(45) Ollie Stewart, "Tan Entertainers Mean Cash in European Clubs, Theatres," Afro American
, April 7, 1956.
In addition, the psychoanalytic concept of resistance may hinder counselors working with Afro American youth as they mistake the child's appropriate preliminary mistrust as a refusal on the client's part to truly work in therapy or as indicative of psychic conflict (Corey).
Afro American clients generally are very attuned to subtle racist communicative nuances and other nonverbal messages expressed by the counselor, and these subliminal "vibes" determine whether the client will be treated with respect in a safe environment (Boyd Franklin, 1989).
We've had Robin Greene-Cary from Sibanye in Baltimore; Michele Lewis from Afro American
Book Stop in New Orleans; Brother Simba and Brother Yao from Karibu in D.C.; and James Fugate from Esowon in Los Angeles.
"Start with yourself," notes Barbara Dodson Walker, national president of the Afro American
Historical Genealogical Society.
On other occasions researchers simply failed to gain the trust of Afro American
youths and present their stories in a useful manner.
The big classic swinging jazz orchestras had created a fresh expanded contemporary form for Afro American
Today 57 percent of the population of New York City is Afro American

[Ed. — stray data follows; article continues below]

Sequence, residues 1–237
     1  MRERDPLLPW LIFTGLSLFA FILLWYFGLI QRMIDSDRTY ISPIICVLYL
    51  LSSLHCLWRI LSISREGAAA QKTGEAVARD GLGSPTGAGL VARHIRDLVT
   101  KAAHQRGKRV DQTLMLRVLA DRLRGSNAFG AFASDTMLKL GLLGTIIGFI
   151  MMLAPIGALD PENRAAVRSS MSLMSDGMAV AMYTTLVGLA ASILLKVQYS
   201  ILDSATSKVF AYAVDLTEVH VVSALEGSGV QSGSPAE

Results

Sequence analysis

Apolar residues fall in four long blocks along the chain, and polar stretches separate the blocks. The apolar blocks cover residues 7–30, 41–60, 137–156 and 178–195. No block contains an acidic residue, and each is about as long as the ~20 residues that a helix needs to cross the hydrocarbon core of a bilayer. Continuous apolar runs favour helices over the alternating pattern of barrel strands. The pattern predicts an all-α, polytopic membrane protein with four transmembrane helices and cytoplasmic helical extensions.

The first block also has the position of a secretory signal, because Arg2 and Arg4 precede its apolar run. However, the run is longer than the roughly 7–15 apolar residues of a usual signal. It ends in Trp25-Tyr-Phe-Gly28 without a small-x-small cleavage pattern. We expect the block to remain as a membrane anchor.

, Asian or Latino, Ford said.
It seems that whenever a group of researchers needs funds or a pharmaceutical company decides to promote some free publicity for a drug to alleviate hypertension (high blood pressure), there is at least one sure-fire ploy that is certain to alert the Afro American
The Baltimore Afro American
, one of the leading Black newspapers of the late nineteenth and mid-twentieth centuries, attempted to forge a reconnection to Africa and other parts of the Diaspora with the aim that African Americans would begin to identify the similarities in their individual and shared experiences with other Africans.
Ra was so far out because he had the true self-consciousness of the Afro American
intellectual artist revolutionary.
Tillman's Beryl Weston's Ambition: The Story of an Afro American
Girl's Life (1893) and Clancy Street (1898); and Pauline Hopkins's four novels - Contending Forces (1900), Hagar's Daughter (1901), Winona (1902), and Of One Blood (1903).